What the heck happened.??? I let go of expectations. I allowed myself to be in the moment, to just enjoy the process, and once again I was amazed by the results.

I crossed the finish line at 2:48. My official time was 2:46 minutes. 19 minutes better than my last half.

 I am just going to keep getting better.

Maybe I will run a whole next year.

seemingly random

My latest painting for the creative marathon was to paint a representation of balance. Also in the instruction was to use paper on the canvas in creative ways. The crane or egret is a significant symbol of balance for me, so I got out my fancy paper, tore up some strips, and attempted to collage a crane onto the canvas. Then, so I imagined, I would throw some paint on and there would be this perfect representation of balance and a beautiful crane. (I forgot that balance does not equal perfection).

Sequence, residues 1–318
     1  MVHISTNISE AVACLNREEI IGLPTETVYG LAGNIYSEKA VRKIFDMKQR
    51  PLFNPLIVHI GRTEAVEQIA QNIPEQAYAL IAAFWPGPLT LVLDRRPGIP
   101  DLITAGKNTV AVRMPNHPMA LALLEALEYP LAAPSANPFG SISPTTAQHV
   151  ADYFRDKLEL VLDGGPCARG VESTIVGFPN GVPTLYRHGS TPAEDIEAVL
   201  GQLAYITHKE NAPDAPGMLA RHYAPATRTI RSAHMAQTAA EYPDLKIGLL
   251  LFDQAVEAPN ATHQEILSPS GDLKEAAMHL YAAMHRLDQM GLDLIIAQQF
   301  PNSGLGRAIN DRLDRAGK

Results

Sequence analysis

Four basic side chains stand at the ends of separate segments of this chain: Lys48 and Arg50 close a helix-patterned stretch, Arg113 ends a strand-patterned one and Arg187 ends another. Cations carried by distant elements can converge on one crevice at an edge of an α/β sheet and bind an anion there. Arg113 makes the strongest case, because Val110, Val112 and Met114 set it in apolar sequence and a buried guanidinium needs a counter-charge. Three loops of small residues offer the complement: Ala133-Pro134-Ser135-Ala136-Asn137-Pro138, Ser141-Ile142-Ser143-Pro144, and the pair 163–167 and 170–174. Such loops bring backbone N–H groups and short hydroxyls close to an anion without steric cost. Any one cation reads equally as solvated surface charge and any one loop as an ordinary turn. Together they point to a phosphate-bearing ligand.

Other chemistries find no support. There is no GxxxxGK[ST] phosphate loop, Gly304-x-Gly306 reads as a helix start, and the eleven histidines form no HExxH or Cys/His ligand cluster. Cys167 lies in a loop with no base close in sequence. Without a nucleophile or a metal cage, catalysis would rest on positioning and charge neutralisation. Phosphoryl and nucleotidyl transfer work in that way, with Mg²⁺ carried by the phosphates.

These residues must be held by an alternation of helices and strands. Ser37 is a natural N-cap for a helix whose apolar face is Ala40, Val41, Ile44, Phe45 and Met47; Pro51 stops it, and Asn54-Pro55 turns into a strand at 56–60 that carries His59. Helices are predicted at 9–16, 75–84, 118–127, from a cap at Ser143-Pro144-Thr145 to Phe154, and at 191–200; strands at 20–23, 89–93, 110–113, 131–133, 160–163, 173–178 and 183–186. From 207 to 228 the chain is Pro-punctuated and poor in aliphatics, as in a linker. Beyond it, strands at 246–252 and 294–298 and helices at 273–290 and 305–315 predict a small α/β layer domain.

Did I ever mention that realism is not my strong suit (maybe I mean this in several areas of my life. maybe). I am much better with the abstract. So my little crane came out looking much more like a giant dodo bird, with a strong chest, large head, and ungainly feet. Not really balanced at all. So today, I took again to the canvas with the intention of throwing some paint around and trying to salvage my crane. I kept repeating the word “balance” and trying to hone in on what was balanced or how to represent balance as I tried to let go of my image of this perfect crane. I mixed up some colors and at seeming random, slapped some paint on this way and that. Before I knew it I had this mountain shape of layered colors with the heart of the crane at its center (which was an actual heart from one of the strips of paper) and revelation struck me! I had painted the colors of my chakras. I have long engaged in a chakra meditation, and these particular colors have consistently come up in the different chakras (and they aren’t colors typically “assigned” to the chakras). My crown is white (clouds at the top of the mountain). Third eye is always yellow. Throat is green. Heart is blue (sometimes red, but blue came out here). Navel is orange, sacral is purple and root is pink.